Perhaps this research explains why so many parents are willing and eager to trust their children to nature schools, despite the fact that virtually none of these programs are licensed in the US. Current regulations make it effectively impossible for forest schools to obtain preschool or kindergarten certifications. Standards created for indoor spaces mean that even Cedarsong Nature School, America’s oldest and most esteemed forest kindergarten, has no official recognition of its credentials. After all, how can an entirely outdoor program keep its “classrooms” insect- and rodent-free, or make sure that all climbing structures are no more than 6 inches off the ground? Some nature schools are currently working with state education boards to adapt licensing standards for outdoor learning. In the meantime, Cedarsong may be without a license, but it does have its own teacher training protocol; outdoor educational programs for young children, adults and families; nature immersion therapy programs for children with sensory processing disorders; and a waitlist where parents enroll their children years in advance.
The lack of recognition from mainstream educational authorities may fail to deter many families from seeking out nature kindergartens, but tuition costs of raise another potential barrier. Social equity is a major part of the sustainability-focused curriculum at the core of most nature schools, and programs use a variety of means to try to make enrollment accessible to all interested children, regardless of economic resources. The well-regarded Fiddleheads Forest School, sponsored by the University of Washington, offers programs which range in price from $3200 to $7600 annually (depending on the number of days of week attended); even with this price tag, Fiddleheads still has to select its classes by lottery each year to deal with its surplus of applicants.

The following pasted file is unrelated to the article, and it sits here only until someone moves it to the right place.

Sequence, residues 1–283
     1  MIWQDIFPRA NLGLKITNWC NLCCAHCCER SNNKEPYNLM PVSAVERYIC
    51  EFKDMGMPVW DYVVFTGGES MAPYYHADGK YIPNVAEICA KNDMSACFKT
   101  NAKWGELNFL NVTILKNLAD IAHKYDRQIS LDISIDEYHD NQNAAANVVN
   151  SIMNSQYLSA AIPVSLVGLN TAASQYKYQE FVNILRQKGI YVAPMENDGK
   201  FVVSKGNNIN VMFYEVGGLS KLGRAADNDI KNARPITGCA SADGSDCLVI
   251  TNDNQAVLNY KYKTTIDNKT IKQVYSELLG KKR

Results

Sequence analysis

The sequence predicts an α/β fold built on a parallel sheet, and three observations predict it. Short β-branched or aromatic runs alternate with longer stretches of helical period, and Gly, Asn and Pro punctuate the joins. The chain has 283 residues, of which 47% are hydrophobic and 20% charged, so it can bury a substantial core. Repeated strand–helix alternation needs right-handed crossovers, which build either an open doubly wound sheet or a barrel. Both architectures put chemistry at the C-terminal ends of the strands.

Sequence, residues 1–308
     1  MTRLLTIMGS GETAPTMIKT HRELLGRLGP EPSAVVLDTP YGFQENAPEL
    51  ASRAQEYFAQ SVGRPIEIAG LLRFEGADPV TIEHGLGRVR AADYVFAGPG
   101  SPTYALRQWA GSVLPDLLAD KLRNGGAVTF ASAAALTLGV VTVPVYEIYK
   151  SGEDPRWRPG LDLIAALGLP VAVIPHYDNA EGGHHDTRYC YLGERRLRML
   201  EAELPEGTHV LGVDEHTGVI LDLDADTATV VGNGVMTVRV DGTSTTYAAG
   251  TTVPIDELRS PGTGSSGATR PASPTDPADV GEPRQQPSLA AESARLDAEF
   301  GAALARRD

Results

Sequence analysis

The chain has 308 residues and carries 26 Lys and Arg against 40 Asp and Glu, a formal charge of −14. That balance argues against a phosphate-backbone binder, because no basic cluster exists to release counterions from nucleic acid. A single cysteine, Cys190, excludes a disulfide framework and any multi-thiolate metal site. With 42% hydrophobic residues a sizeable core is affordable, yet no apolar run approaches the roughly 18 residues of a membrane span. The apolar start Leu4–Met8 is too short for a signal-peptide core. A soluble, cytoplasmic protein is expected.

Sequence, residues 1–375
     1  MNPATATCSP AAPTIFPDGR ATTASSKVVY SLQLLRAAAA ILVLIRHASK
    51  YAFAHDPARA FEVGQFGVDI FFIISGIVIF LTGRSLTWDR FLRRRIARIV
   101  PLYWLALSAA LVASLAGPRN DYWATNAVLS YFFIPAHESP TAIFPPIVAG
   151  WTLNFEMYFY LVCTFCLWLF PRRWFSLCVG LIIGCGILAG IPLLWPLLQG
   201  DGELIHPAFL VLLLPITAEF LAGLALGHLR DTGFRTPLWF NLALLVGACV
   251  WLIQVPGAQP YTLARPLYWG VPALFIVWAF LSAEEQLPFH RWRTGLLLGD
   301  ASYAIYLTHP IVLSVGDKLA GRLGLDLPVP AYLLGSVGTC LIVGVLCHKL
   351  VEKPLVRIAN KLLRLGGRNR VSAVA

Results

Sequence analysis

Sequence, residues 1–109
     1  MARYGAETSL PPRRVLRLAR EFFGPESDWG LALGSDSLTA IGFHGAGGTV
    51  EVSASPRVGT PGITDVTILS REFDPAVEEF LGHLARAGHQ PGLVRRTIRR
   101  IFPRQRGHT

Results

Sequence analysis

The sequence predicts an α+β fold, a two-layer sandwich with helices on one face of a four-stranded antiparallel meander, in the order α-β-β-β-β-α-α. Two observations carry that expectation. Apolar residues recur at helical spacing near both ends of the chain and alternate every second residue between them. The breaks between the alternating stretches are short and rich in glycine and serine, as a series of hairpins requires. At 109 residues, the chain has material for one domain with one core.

On the other hand, Cedarsong operates under the umbrella of the non-profit Ancient Forest Preservation Foundation, which accepts donations that help fund the school’s operations and scholarships for low-resource families. Tiny Trees, a newer program based in Seattle, offers a sliding scale and partially offsets tuition with funding from the city (and provides each child with a full-body rain suit). Considering the fact that Tiny Trees has been able to enroll 150 students for the price of teaching 20 in a standard indoor classroom, proponents hope that nature schools’ ability to stretch an educational budget might facilitate their acceptance by other local and state governments, helping to overcome both of the most significant obstacle facing outdoor kindergartens today.
Educators have devoted so much energy to restructuring every aspect of classroom time, yet American children continue to struggle to develop healthy bodies and minds; perhaps, at long last, it’s time to give recess another look.
(Want an inside look into nature school's? Check out our interview with natural movement specialist Katy Bowman about her family's experiences with outdoor education!)
Other Outdoor Education Resources:
 Nearly Half of Preschool Children Not Taken Outside to Play by Parents on a Daily Basis: Study
 Why So Many Kids Can’t Sit Still in School Today
 Is Kindergarten Too Young to Test
 Udeskole in Scandanavia: Teaching and Learning in Natural Places
 Out Of The Classroom And Into The Woods
 Cedarsong Nature School: Scholarship Fund
 Outdoor Schools Open Up New, Affordable Adventures In Learning